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MAZZEI v. MONEY STORE

December 3, 2004.

JOSEPH MAZZEI, on behalf of himself and all others similarly situated Plaintiff(s),
v.
THE MONEY STORE and TMS MORTGAGE, INC., Defendant(s).



The opinion of the court was delivered by: JOHN SPRIZZO, Senior District Judge

MEMORANDUM OPINION AND ORDER

Plaintiff Joseph Mazzei brings the above-captioned action on behalf of himself and all others similarly situated against defendants The Money Store and TMS Mortgage, Inc.*fn1 (collectively "The Money Store") alleging violations of the Fair Debt Collection Practices Act ("FDCPA"), the Truth In Lending Act ("TILA"), the Real Estate Settlement Procedures Act ("RESPA"), and various pendent state law claims in conjunction with defendants' alleged debt collection practices. Defendants move for summary judgment pursuant to Fed.R.Civ.P. 56(a). For the reasons that follow, defendants' motion for summary judgment is granted in part and denied in part. BACKGROUND

FDCPA Background

  Unless otherwise noted, the following facts are uncontested. In November 1994, plaintiff took out a mortgage loan from The Money Store on a property in Sacramento, California. See Second Amended Complaint ("Compl.") ¶ 13. Beginning in the winter of 1998 plaintiff was periodically delinquent on his loan, and defaulted in or about December 1999. See Compl. ¶ 20; Plaintiff's 56.1 Statement in Opposition to Defendants' Motion for Summary Judgment ("Pl.'s St.") ¶ 2. On or about February 25, 2000, plaintiff received a standardized debt collection letter on the letterhead of law firm Moss, Codilis, Stawiarski, Morris, Schneider & Prior LLP ("Moss Codilis") complete with their Colorado office address, phone and fax numbers on the bottom.*fn2 See Plaintiff's Declaration in Opposition to Defendants' Motion for Summary Judgment, dated June 9, 2003 ("Pl.'s Declar."), Declaration of Mark S. Kaufman, dated June 9, 2003 ("Kaufman Declar.") ¶ 5; Pl.'s Declar., Exhibit ("Ex.") A; Compl. ¶ 21. Moss Codilis is a self proclaimed "debt collector." Defendants' 56.1 Statement in Support of Its Motion for Summary Judgment ("Defs.' St.") ¶ 10. The pertinent portions of the February 23, 2000 letter read as follows: Dear Joseph Mazzei:
This firm has been retained by the Servicer, (TMS Mortgage Inc.) and authorized by the Creditor of the above-referenced home loan (hereinafter referred to as "the Debt") to contact you regarding the status of your account. . . . You are hereby provided formal notice that you are in default . . . for failure to pay the required installments when due. This letter serves as further notice that TMS Mortgage Inc. intends to enforce the provisions of the Note and Security Instrument. You must pay the full amount of the default on this loan by the thirtieth (30th) day from the date of this letter. . . . This law firm is attempting to collect a debt for our client, and any information obtained will be used for that purpose. . . . All communication about this matter must be made through TMS Mortgage Inc. except those specified in this letter. TMS Mortgage Inc.'s phone number is (800) 795-5125. TMS Mortgage Inc. requires that all payments must be . . . mailed to TMS Mortgage Inc. at Post Office Box 96053, Charlotte, NC 28296-0053. . . .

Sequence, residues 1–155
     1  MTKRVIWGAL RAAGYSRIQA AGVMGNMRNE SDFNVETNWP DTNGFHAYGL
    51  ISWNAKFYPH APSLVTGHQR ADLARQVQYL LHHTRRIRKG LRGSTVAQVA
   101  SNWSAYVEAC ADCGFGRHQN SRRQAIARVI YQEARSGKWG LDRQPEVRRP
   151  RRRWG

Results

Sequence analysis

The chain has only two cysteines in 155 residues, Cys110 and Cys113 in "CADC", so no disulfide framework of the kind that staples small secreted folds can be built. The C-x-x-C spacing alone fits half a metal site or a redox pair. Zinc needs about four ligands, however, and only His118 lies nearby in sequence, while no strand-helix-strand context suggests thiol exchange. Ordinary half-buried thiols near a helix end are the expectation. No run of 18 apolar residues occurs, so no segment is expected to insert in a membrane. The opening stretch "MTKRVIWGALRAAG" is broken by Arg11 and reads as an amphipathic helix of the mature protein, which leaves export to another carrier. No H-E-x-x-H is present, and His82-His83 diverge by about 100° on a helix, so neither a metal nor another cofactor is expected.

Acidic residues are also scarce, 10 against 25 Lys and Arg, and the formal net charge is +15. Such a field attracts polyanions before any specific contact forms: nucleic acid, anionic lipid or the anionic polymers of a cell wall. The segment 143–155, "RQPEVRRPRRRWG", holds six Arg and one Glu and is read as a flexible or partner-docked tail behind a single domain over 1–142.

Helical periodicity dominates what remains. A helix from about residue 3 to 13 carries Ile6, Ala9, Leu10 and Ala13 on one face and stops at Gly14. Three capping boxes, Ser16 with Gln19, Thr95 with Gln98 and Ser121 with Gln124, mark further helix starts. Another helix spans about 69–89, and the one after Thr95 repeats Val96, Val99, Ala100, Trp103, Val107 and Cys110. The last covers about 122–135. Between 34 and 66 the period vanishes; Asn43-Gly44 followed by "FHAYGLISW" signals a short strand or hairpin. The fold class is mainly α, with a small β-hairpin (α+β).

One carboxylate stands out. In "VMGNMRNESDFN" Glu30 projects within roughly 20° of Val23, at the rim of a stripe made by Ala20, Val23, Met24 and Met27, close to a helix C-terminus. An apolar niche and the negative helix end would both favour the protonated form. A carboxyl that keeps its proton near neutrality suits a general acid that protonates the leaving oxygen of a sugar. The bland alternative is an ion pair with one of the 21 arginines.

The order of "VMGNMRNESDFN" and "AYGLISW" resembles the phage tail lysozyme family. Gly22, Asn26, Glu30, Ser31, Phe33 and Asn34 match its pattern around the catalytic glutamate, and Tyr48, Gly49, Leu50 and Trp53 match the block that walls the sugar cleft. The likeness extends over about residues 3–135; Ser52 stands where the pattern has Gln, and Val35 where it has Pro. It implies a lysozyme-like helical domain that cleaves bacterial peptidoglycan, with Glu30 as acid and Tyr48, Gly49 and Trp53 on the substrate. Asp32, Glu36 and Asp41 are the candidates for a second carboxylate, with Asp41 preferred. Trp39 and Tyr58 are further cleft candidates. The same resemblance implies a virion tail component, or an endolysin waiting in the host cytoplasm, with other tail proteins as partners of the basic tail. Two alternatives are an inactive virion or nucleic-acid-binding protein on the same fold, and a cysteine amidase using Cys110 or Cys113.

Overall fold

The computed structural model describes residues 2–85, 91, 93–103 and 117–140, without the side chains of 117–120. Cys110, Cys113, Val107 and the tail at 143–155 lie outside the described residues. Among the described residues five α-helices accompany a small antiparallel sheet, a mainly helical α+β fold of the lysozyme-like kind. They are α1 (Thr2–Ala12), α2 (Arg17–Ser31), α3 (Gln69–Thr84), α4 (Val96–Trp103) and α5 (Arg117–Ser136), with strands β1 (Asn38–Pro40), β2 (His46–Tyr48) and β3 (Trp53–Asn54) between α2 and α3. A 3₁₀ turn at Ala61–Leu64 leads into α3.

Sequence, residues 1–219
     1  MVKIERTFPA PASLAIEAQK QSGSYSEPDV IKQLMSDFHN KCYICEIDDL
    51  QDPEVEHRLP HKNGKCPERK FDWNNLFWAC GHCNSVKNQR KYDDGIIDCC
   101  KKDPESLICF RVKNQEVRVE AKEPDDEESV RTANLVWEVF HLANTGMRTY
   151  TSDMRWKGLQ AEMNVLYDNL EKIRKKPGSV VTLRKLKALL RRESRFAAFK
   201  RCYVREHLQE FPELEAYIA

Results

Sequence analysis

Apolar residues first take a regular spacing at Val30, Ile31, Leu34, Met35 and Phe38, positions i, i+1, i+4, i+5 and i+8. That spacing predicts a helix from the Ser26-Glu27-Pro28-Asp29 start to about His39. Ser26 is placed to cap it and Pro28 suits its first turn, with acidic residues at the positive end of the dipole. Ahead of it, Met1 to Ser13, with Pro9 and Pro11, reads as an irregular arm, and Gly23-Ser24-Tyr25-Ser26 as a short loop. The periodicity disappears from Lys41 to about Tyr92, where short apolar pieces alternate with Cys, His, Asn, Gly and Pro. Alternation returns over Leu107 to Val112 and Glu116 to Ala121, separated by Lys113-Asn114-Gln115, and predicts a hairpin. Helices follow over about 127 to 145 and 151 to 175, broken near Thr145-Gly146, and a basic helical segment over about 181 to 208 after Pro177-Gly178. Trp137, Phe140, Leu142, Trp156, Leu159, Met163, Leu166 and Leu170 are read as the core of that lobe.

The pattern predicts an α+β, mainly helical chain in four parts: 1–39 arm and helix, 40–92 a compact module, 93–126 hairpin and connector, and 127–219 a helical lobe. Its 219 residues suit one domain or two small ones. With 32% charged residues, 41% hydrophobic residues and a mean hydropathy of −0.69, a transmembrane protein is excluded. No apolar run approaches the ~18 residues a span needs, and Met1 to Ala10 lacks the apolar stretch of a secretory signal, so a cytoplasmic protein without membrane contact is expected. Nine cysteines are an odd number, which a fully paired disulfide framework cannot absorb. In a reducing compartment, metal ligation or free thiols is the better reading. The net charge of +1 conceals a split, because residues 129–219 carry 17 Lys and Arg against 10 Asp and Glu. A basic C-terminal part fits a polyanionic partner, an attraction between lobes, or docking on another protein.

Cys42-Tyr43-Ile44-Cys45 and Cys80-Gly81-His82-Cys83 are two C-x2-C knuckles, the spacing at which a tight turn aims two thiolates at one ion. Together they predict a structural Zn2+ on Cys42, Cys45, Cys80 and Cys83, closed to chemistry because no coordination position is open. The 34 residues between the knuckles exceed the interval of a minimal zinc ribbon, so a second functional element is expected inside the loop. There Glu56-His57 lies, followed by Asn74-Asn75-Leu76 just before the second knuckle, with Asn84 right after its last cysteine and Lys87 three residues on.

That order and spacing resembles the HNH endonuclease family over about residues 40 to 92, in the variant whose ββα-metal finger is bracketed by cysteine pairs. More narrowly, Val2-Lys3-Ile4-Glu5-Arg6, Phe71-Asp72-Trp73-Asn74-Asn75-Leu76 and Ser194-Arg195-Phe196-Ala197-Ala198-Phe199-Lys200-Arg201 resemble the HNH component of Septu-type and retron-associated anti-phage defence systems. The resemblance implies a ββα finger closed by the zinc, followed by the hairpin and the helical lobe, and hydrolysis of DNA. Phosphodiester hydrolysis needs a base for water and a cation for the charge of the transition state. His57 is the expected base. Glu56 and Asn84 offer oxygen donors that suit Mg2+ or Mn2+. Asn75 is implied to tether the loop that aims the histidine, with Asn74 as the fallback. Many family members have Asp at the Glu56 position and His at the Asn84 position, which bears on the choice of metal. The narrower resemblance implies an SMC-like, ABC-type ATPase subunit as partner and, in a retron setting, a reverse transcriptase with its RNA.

Very truly yours, MOSS, CODILIS, STAWIARSKI, MORRIS, SCHNEIDER & PRIOR, LLP
See Pl.'s Declar., Ex. A. Plaintiff claims that, through this breach letter, "the Money Store Defendants sought to convey the false impression that independent debt collectors were attempting to collect on its behalf, when in reality it was attempting to collect its own debts." Compl. ¶ 26.
  The breach letter was sent pursuant to an agreement between Moss Codilis and defendants (the "Letter of Agreement") whereby Moss Codilis issued thirty day breach letters after receiving a spreadsheet from defendants detailing the various loans in default. See Pl.'s St. ¶ 4, Defs.' St. ¶ 14. Moss Codilis acted only in the pre-acceleration phase of the collection effort. See Pl.'s Declar., Kaufman Declar. ¶ 11; Defs.' St. ¶ 12. The specific relevant provisions of the Letter of Agreement are as follows:
1. TMS Mortgage Inc. desires to have Moss, et al facilitate the issuance of thirty (30) day breach letters by periodically taking delivery of an ACCESS spreadsheet. . . . Moss, et al will generate the thirty (30) day breach letters based on information provided within the ACCESS spreadsheet. . . . Moss, et al will perform the necessary duties to prepare for attorney signature and send via certified and first class US Mail the aforementioned letters within a twenty-four (24) hour period of time upon receipt of accurate and complete data from TMS Mortgage Inc. essential to the breach letter program. TMS Mortgage Inc. reserves the right to initially and from time to time review and approve sample forms of the breach letters as forwarded to the borrowers. Review and approval of the breach letters by TMS Mortgage Inc. shall be based on the format of the breach letter only.
2. Moss, et al will charge fifty dollars ($50.00) for each breach letter generated. . . .
4. TMS Mortgage Inc. agrees to provide Moss, et al with access to books, records, databases, investor guidelines, and files necessary for the completion of the contract duties. . . .
10. Notifications will be addressed as follows: In the case of Moss, et al: Moss, et al . . . Englewood, CO 80112. . . . In the case of TMS Mortgage Inc: The Money Store . . . Sacramento, CA 95821. . . .
Pl.'s Declar., Ex. C, Letter of Agreement. The Moss Codilis employee who oversaw the Breach Letter program, Christina Nash,*fn3 estimated that she received around a hundred phone calls from borrowers during the Breach Letter program and probably 400 pieces of correspondence at her Moss Codilis location during her time supervising. See Plaintiff's Memorandum of Law in Opposition to Defendants' Motion for Summary Judgment, dated June 9, 2003 ("Pl.'s Mem."), at 15; Pl.'s Declar., Ex. G, Deposition of Christina Nash ("Nash Dep.") at 186-87. Nash also testified to
 
`instances' during 3½ years of the Breach Letter program when Moss Codilis decided not to send out a breach letter despite Money Store's request to send the letter. (See Kaufman Ex. G., at 87-88.) However, Nash also admitted that she had `absolutely no recollection as to how many times' this occurred (Kaufman Ex. G, at 89, 241), and neither Moss Codilis nor Money Store produced any documents confirming a single such instance.